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"The story of Lost makes no sense."
November 29, 2012 2:04 PM   Subscribe

'I pretty much wanted to die', an excerpt from Alan Sepinwall's The Revolution Was Televised.
posted by IvoShandor (61 comments total) 11 users marked this as a favorite

 
In the vein of Alfred Hitchcock's Psycho (or even the pilot of Oz), they planned to pull the rug out from under the audience by killing Jack midway through the first episode,2 forcing Kate to take charge. After this sudden demise, viewers would realize no one was safe. Lindelof says Steve McPherson, then the head of the ABC studio, made a convincing counter-argument that it would teach viewers not to trust the show...

That's OK. The viewers eventually figured that out.
posted by Egg Shen at 2:07 PM on November 29, 2012 [7 favorites]


I was ready to lose Jack or Kate three seconds after the characters made eye contact. Either would have been fine.
posted by mph at 2:09 PM on November 29, 2012


I enjoyed Lost a ton and while I wish the ending had been stronger it gave me a ridiculous amount of enjoyment over a six-year period, which is worth quite a bit considering that it was free.

I was kind of hoping this article wouldn't show up here because now the thread will be full of people trying to outhate one another.
posted by shakespeherian at 2:26 PM on November 29, 2012 [17 favorites]


I was kind of hoping this article wouldn't show up here because now the thread will be full of people trying to outhate one another.

I hate that you feel that way.
posted by snottydick at 2:42 PM on November 29, 2012 [2 favorites]


If it's relevant I came on this at longform.org
posted by IvoShandor at 2:44 PM on November 29, 2012


I was kind of hoping this article wouldn't show up here because now the thread will be full of people trying to outhate one another.

I hate that you feel that way.
posted by snottydick at 2:42 PM on November 29 [+] [!]


Eponysterical.
posted by Rustic Etruscan at 2:46 PM on November 29, 2012 [1 favorite]


Eponysterical.

I is what I am.
posted by snottydick at 2:47 PM on November 29, 2012


I was kind of hoping this article wouldn't show up here because now the thread will be full of people trying to outhate one another.

I know the unpleasantness of listening to people criticize something I like.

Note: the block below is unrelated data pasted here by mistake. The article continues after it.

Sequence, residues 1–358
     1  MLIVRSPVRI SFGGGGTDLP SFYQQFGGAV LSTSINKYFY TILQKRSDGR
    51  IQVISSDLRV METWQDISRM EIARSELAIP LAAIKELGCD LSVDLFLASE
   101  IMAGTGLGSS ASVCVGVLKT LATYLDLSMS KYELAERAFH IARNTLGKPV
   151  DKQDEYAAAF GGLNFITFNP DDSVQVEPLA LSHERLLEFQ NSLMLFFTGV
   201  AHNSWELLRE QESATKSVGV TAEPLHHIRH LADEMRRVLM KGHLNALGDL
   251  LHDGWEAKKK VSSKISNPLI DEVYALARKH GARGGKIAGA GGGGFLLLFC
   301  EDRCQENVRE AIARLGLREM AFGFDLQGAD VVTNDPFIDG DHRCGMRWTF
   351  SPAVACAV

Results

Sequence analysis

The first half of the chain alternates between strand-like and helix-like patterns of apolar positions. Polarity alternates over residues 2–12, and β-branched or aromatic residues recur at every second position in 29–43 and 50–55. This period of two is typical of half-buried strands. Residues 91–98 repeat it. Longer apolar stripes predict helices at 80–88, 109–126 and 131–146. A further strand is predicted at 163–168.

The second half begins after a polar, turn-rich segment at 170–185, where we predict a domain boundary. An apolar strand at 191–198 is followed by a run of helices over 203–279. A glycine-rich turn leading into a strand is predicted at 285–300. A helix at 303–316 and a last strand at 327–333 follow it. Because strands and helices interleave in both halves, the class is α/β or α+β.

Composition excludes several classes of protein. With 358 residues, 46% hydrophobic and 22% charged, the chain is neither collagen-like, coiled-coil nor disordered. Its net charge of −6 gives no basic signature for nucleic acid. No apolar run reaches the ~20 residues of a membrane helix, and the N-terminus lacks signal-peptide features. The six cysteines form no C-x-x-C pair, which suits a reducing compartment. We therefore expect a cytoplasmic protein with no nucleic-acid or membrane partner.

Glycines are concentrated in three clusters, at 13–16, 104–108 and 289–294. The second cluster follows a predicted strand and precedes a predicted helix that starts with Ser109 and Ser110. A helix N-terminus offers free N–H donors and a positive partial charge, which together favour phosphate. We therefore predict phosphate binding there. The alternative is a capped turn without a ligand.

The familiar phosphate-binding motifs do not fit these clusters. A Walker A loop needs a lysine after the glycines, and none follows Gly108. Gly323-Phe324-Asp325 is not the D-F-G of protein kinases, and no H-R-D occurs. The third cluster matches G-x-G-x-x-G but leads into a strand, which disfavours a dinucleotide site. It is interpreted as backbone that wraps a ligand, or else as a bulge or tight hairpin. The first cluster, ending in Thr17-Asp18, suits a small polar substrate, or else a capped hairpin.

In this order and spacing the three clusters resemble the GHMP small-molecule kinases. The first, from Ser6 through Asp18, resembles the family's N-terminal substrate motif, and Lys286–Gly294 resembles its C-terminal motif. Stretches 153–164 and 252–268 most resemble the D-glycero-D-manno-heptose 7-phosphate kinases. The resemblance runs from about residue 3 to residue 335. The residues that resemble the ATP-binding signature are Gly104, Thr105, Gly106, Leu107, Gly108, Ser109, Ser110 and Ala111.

But I do try to assume that their negative reaction is as sincere as my positive one.
posted by Egg Shen at 2:50 PM on November 29, 2012 [3 favorites]


1 used from $999.00

Guess I'll be buying this book new then...
posted by Potomac Avenue at 3:01 PM on November 29, 2012


I think that, if disappointment in the ending of the show obviated any entertainment or enjoyment you got from watching six seasons of a thing, you may have been watching it wrong, is all. Like I said, I wish the ending had been stronger, but conversations about Lost now always wind up being only about that disappointment, how the show betrayed you, how they didn't answer questions correctly or whatever. Which, sure, is valid, but it would be interesting to have other conversations as well.
posted by shakespeherian at 3:01 PM on November 29, 2012 [3 favorites]


but conversations about Lost now always wind up being only about that disappointment

Well, okay. How about I gave up watching Lost halfway through, after being thoroughly excited by the first season and a half or so, because it became apparent they were making it up from show to show. This article kind of confirms that. If they had killed off an obvious protagonist early on, I would have been impressed and maybe stuck around longer.

..except they would have brought him back as a goddamn living radio wave or something.
posted by lumpenprole at 3:05 PM on November 29, 2012 [7 favorites]


Sepinwall is IMO one of the few TV critics worth reading on a daily (or even more often) basis. Call me a fanboy, but I bought this pretty much the day it came out and went all the way through it in 3 days. He's got a connection with showrunners that's a lot better than the usual Entertainment Tonight-esque fluff.

Random fact: The editor for this book is Sarah Bunting, aka Sars from the original TWOP.
posted by zombieflanders at 3:07 PM on November 29, 2012 [6 favorites]


This article kind of confirms that.

If I'm reading the article correctly, they structured the first season without knowing the answers to a lot of the questions, but then after the first season was over the writers sat down and 'built the iceberg for the show' before beginning the second season-- they 'constructed [the] whole mythological world.'
posted by shakespeherian at 3:17 PM on November 29, 2012


Love Sepinwall. Love LOST. Hell, I even loved the finale. But I don't to rehash THAT.

I would, however, like to know if:

"making it up from show to show."

is such a bad thing. I mean, it seems like you do not think that it worked for this show, and if it didn't it didn't. But is it just bad form, period?

I think it's kind of thrilling. It means they're allowing themselves to be surprised on a weekly basis. I liked the feeling that there weren't always answers, that I wouldn't always know what was going on. I will admit that this approach can't work without some balance, without having a general idea of where things are going. I think they knew on Lost what they wanted to do, just not how much time they'd have to do it.
posted by Tevin at 3:19 PM on November 29, 2012


I would, however, like to know if "making it up from show to show" is such a bad thing.

It is when you lie to millions of people and say that you're not.